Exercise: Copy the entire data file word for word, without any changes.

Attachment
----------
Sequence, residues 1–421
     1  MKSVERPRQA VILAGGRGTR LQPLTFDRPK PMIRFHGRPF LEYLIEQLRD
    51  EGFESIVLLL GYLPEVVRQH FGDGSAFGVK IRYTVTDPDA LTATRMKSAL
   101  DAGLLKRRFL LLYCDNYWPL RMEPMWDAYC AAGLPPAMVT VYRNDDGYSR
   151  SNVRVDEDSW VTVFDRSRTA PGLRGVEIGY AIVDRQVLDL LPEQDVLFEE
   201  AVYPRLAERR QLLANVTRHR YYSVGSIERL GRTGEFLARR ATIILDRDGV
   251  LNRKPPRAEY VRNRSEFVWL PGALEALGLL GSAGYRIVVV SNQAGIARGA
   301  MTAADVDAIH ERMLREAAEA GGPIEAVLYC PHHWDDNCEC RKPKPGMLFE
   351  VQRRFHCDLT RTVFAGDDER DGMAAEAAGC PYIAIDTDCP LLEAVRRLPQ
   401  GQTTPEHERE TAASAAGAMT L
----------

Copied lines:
Sequence, residues 1–421
     1  MKSVERPRQA VILAGGRGTR LQPLTFDRPK PMIRFHGRPF LEYLIEQLRD
    51  EGFESIVLLL GYLPEVVRQH FGDGSAFGVK IRYTVTDPDA LTATRMKSAL
   101  DAGLLKRRFL LLYCDNYWPL RMEPMWDAYC AAGLPPAMVT VYRNDDGYSR
   151  SNVRVDEDSW VTVFDRSRTA PGLRGVEIGY AIVDRQVLDL LPEQDVLFEE
   201  AVYPRLAERR QLLANVTRHR YYSVGSIERL GRTGEFLARR ATIILDRDGV
   251  LNRKPPRAEY VRNRSEFVWL PGALEALGLL GSAGYRIVVV SNQAGIARGA
   301  MTAADVDAIH ERMLREAAEA GGPIEAVLYC PHHWDDNCEC RKPKPGMLFE
   351  VQRRFHCDLT RTVFAGDDER DGMAAEAAGC PYIAIDTDCP LLEAVRRLPQ
   401  GQTTPEHERE TAASAAGAMT L